Update: Tenant advocates held a press conference saying that details of the demolition notice indicate the tenants’ right to return is secure.
The Department of Building Inspection on Friday ordered the demolition of the fire-damaged building at the corner of 22nd and Mission Streets, citing a concern that a moderate earthquake would collapse the building outward and cause harm to the public.
If the building is demolished, more than 60 tenants displaced by the fire may lose the right to return to their units after reconstruction.
San Francisco guarantees rent-controlled tenants who are displaced by a fire the right to return to their units after repair at their previous rent, though few do. But with the demolition, that protection no longer applies: New buildings are not subject to rent control because of state law and are not bound by the right of return. No-fault evictions on the basis of demolition are also allowed under city law.
District 9 Supervisor David Campos said his office has been scrambling to find a legal solution since word first reached him that the demolition order might be imminent. He said that by state law, demolition removes the landlord’s obligation to offer the displaced tenants their units back.
“The right of return, legally – [it] appears that it is eliminated,” Campos said. “The way the law works right now, there is a perverse incentive, in a way, for the owner to wait. Because if the building becomes so bad, the building has to be demolished, [that] takes away the rights of the tenants.”
It appears that was the case for this building.
Engineers for both Hawk Lou – the building owner – and the Department of Building Inspection have examined the building three times since the fire. In a report dated February 18, the city’s engineers affirmed the opinion of a private engineering company that the site’s fractured structure, sagging under the load of sodden debris, poses a hazard, and indicated it might have been possible to repair the building if this decay had been prevented.
“The initial report last January looked only at the extent of fire damage. It did not anticipate the building would be left in the same state for a year,” the report noted.
Now, the engineers wrote, there is little material left to save. Mold and a structure weakened by water damage pose a hazard to any work crews that would be tasked with making repairs.
“I have no idea why, after this building has sat over a year, why all of the sudden a 72-hour notice is an issue,” said Gordon Kaupp, an attorney representing one of the displaced tenants in a civil suit against Lou. “If it was so imperative, why wasn’t it issued before?”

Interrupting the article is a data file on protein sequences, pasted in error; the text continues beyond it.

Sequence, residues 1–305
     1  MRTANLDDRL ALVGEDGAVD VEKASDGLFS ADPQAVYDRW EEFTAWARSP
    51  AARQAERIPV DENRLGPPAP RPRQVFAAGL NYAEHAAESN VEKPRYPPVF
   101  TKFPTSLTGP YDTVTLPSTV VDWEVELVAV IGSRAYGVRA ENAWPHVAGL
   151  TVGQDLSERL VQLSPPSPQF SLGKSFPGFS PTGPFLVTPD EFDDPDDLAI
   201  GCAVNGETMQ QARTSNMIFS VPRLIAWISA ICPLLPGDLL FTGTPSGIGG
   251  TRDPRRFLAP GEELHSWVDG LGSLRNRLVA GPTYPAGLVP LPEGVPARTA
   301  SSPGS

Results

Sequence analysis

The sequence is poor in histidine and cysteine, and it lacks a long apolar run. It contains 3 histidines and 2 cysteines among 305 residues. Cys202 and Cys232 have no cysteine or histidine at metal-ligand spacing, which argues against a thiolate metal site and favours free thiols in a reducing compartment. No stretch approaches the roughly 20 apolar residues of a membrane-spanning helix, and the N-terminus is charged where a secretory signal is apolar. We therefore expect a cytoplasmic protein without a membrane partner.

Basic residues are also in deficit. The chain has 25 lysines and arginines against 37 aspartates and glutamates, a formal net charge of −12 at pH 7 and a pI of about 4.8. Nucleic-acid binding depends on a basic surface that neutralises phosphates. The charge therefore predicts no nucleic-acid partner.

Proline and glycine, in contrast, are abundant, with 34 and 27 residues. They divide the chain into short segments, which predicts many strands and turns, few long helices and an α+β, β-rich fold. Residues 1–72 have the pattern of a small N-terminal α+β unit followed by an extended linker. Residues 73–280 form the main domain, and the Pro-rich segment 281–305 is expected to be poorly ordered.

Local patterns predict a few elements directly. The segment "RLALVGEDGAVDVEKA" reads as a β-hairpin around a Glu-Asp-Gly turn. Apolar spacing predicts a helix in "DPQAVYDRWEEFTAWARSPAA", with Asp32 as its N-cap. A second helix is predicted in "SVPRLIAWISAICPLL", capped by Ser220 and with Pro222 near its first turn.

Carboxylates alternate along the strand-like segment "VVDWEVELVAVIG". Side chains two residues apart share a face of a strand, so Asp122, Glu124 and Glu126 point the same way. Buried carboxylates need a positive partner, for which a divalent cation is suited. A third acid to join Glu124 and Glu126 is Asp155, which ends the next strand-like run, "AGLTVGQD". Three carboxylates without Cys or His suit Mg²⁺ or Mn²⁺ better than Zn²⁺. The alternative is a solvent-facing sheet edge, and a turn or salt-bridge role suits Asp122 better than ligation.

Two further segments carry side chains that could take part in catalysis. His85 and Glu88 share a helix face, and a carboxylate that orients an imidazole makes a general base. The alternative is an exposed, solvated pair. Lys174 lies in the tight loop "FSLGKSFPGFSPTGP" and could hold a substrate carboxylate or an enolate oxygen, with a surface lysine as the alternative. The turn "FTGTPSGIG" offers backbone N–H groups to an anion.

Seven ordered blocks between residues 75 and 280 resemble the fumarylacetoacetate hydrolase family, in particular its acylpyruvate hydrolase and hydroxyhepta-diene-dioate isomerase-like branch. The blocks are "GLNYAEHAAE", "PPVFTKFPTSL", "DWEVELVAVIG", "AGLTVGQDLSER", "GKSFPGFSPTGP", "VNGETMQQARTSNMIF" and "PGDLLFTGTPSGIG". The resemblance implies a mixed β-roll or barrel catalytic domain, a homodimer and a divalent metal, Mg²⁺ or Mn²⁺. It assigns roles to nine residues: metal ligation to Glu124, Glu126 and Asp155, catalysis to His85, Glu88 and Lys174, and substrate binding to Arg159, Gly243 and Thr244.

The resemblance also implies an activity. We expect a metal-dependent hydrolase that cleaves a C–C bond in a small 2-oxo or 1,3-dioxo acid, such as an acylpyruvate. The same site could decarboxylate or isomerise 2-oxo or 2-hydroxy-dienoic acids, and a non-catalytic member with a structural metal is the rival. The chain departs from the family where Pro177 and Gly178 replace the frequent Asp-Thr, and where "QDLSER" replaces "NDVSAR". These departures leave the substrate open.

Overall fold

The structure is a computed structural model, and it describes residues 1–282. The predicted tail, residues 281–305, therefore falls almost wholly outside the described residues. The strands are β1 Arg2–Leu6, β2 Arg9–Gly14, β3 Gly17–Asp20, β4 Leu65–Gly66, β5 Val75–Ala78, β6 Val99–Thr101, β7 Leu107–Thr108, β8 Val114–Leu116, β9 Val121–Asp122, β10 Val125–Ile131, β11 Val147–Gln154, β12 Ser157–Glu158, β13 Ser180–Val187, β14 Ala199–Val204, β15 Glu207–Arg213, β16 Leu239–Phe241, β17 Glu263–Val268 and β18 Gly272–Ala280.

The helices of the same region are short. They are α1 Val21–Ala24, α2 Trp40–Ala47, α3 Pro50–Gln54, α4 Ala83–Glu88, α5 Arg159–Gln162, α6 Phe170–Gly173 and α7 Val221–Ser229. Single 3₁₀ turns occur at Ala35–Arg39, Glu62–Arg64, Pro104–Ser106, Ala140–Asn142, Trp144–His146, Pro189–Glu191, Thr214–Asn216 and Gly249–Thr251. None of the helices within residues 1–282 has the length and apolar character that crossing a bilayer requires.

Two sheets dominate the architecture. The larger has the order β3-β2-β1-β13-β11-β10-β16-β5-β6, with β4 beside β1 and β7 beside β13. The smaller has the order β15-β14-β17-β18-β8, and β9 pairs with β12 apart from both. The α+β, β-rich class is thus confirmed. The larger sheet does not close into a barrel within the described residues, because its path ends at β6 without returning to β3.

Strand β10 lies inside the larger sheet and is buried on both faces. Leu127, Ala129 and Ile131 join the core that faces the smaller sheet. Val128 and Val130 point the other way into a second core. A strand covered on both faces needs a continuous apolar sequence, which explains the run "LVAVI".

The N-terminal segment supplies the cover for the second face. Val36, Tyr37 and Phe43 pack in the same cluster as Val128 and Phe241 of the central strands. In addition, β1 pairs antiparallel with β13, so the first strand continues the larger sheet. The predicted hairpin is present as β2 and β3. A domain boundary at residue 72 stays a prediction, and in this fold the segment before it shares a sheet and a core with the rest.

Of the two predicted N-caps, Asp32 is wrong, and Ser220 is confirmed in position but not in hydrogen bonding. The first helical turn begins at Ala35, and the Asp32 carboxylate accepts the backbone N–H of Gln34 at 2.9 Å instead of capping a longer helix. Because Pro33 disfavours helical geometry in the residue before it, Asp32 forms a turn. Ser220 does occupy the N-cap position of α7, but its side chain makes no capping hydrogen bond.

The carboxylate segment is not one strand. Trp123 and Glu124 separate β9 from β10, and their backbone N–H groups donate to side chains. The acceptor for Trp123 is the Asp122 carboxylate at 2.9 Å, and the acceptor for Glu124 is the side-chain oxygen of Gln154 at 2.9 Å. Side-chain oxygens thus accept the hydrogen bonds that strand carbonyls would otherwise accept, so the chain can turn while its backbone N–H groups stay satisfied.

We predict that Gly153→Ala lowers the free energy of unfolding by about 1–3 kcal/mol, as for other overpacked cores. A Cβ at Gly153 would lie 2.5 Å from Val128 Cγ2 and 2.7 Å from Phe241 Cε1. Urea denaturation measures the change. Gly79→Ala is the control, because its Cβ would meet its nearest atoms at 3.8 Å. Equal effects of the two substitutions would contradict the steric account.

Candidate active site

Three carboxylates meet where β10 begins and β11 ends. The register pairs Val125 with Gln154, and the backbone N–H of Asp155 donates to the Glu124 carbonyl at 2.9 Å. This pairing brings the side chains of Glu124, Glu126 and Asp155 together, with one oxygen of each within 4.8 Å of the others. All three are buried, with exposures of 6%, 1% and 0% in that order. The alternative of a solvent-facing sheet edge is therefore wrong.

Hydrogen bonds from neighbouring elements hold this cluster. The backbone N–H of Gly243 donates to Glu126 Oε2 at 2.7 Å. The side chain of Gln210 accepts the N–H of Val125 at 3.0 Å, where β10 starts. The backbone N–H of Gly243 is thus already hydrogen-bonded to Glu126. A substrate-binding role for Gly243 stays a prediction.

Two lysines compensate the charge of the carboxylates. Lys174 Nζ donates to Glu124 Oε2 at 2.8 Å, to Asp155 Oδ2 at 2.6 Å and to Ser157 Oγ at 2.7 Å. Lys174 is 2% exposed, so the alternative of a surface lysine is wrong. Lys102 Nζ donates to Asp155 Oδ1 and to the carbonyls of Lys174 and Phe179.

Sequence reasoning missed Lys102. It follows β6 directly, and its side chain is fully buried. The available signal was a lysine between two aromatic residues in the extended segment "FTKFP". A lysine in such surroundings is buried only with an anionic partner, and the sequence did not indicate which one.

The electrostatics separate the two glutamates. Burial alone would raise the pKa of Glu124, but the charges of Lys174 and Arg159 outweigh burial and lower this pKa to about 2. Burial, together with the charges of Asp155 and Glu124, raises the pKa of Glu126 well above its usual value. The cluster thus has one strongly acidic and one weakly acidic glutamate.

Kaupp also voiced concern that demolition of the building would destroy any remaining evidence that could be used in the five civil cases against Lou.
“I am very upset that the owner of this building has allowed things to get to this point,” Campos said. “The expectation from the very beginning has been that they’re going to move to fix the building as quickly as possible, so that the residents of this building could move back in, and clearly that hasn’t happened.”
Campos said his office has been trying to find some alternative legal solution for the tenants since he first got word of the demolition, but did not give specific details about what those options might be beyond the possibility of introducing local legislation.
“Unfortunately, it is … because of state law, and there’s only so much we can do,” he said. “But we are going to do everything we can. If we can pass a law to guarantee that locally, we will.”
Lou was ordered by the city on Friday to start the process of demolition within 72 hours. If he ignores the order, the city will take over the demolition and charge him for the work.
According to the Department of Building Inspection, Lou filed applications to repair the third and fourth floors of the building, but they were never approved because necessary information was not provided.
Lou’s attorney did not immediately return a request for comment. A spokesperson for the Department of Building Inspection said the department has been in touch with Lou’s legal counsel and believes the landlord will comply with the order. But according to tenants’ rights attorney Scott Weaver, ignoring orders like these rarely meets with severe repercussions.
Matt Dorsey of the City Attorney’s Office would not specifically comment on what enforcement measures could be taken against Lou if he fails to comply.
“We’re working closely with our client department and the property owner’s legal counsel to ensure full and prompt compliance with the order,” Dorsey wrote in an email. “Right now, we have no reason to expect non-compliance. So, I’m disinclined to speculate about our further enforcement options – other than to acknowledge that the City Attorney has enforcement options available to him should they become necessary.”
According to fire investigators, the source of the fire was an electrical short inside a third-floor wall. The blaze completely destroyed the third floor, and the remainder of the building was severely damaged by water, leaving it uninhabitable. Many of the displaced tenants, both residential and commercial, have found temporary refuge but are still struggling with the aftermath of the blaze.
“I’m really sorry that they are in this predicament,” Campos said. “It’s unfair, it’s unjust, and we are trying to see what we can do locally, legally, to address that.”
Joe Rivano Barros contributed reporting to this story.